Marine ecoregions of the South African exclusive economic zone (2011 to 2018)
Marine ecoregions of the South African exclusive economic zone (2011 to 2018)
Marine bioregions of the South African exclusive economic zone (2004 to 2011)
Marine bioregions of the South African exclusive economic zone (2004 to 2011)

The marine ecoregions of the South African exclusive economic zone are a set of geographically delineated regions of similar ecological characteristics on a fairly broad scale, covering the exclusive economic zone along the South African coast.

There were originally five inshore bioregions defined over the continental shelf and four offshore bioregions covering the continental slope and abyssal regions. These bioregions were used for conservation research and planning. They were defined in the South African National Spatial Biodiversity Assessment of 2004.

The South African National Spatial Biodiversity Assessment of 2011 amended this to reduce the number of regions to four inshore and two offshore and rename them as ecoregions.

The exclusive economic zone

See also: Exclusive economic zone

Sea areas in international rights
Sea areas in international rights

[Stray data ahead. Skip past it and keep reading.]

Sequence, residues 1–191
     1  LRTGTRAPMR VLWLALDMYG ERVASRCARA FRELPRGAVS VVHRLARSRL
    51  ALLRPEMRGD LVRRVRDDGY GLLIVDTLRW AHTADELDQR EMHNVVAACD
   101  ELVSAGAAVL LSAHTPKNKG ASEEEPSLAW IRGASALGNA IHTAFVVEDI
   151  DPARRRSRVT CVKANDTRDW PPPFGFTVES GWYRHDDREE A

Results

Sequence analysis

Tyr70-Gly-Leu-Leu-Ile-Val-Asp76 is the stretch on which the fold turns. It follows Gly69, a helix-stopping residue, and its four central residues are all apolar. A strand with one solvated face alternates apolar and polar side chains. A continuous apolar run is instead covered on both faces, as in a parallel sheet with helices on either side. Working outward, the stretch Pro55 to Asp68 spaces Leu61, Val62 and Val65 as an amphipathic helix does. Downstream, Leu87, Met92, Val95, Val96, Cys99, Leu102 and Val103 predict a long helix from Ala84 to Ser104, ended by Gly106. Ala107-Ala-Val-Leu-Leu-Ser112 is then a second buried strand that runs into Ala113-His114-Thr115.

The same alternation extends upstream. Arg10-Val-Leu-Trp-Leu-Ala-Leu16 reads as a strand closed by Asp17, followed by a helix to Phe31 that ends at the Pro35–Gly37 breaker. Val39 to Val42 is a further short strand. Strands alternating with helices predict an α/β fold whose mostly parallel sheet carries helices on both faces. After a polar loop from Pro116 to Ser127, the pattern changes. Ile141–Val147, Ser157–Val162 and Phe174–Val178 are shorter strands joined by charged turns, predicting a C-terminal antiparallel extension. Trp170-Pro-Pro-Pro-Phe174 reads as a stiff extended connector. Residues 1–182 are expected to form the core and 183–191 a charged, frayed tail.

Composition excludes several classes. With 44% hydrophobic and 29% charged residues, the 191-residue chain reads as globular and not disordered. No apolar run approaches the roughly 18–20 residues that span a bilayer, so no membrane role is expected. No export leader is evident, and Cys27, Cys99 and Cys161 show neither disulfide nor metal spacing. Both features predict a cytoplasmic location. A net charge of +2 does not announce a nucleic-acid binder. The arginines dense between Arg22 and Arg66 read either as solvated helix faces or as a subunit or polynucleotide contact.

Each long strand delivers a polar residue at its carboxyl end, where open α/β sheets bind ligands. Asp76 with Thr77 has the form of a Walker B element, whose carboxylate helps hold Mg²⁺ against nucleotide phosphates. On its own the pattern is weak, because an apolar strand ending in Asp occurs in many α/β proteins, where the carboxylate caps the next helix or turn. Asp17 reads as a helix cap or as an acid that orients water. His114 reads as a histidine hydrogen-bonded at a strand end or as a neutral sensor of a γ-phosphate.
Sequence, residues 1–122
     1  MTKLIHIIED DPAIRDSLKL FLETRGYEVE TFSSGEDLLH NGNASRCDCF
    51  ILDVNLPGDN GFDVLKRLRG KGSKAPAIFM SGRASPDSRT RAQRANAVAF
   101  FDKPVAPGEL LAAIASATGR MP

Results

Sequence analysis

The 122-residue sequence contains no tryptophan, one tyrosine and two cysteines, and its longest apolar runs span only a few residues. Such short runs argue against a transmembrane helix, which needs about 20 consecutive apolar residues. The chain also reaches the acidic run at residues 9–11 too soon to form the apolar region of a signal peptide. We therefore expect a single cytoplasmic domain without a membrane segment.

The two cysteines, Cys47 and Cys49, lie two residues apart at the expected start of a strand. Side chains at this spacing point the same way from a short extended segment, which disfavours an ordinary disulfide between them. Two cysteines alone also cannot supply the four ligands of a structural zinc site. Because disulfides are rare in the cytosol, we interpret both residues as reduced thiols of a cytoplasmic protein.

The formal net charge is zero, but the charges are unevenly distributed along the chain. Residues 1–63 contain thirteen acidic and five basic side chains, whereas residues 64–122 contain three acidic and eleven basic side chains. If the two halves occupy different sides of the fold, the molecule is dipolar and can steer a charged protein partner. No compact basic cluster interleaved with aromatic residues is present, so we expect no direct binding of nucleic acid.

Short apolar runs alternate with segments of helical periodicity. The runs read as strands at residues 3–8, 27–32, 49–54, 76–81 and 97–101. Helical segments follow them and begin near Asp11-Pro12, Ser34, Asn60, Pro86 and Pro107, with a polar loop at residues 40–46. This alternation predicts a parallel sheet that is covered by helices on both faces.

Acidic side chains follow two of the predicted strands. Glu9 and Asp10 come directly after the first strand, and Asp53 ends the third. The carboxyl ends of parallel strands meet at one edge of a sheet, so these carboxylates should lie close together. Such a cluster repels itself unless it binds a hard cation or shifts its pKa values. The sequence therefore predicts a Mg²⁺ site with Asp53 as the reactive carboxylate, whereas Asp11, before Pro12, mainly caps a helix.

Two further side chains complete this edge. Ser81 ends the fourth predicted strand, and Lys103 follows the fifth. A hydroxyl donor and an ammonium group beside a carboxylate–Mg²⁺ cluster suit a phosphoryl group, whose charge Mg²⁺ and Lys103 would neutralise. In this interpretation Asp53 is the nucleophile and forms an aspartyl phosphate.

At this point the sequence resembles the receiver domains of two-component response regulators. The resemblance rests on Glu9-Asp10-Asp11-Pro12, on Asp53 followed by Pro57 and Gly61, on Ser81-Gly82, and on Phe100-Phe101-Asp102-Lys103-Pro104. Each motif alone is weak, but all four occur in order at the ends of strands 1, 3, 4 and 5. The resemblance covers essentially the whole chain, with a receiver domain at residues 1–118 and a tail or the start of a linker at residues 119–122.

An exclusive economic zone (EEZ) is a sea zone prescribed by the United Nations Convention on the Law of the Sea over which a state has special rights regarding the exploration and use of marine resources, including energy production from water and wind.[1] It stretches from the baseline out to 200 nautical miles (nmi) from its coast. The term does not generally include either the territorial sea or the continental shelf beyond the 200 nmi limit. but in this context territorial waters are included. The difference between the territorial sea and the exclusive economic zone is that the first confers full sovereignty over the waters, whereas the second is merely a "sovereign right" which refers to the coastal state's rights below the surface of the sea. The surface waters of the EEZ beyond territorial waters are international waters.[2]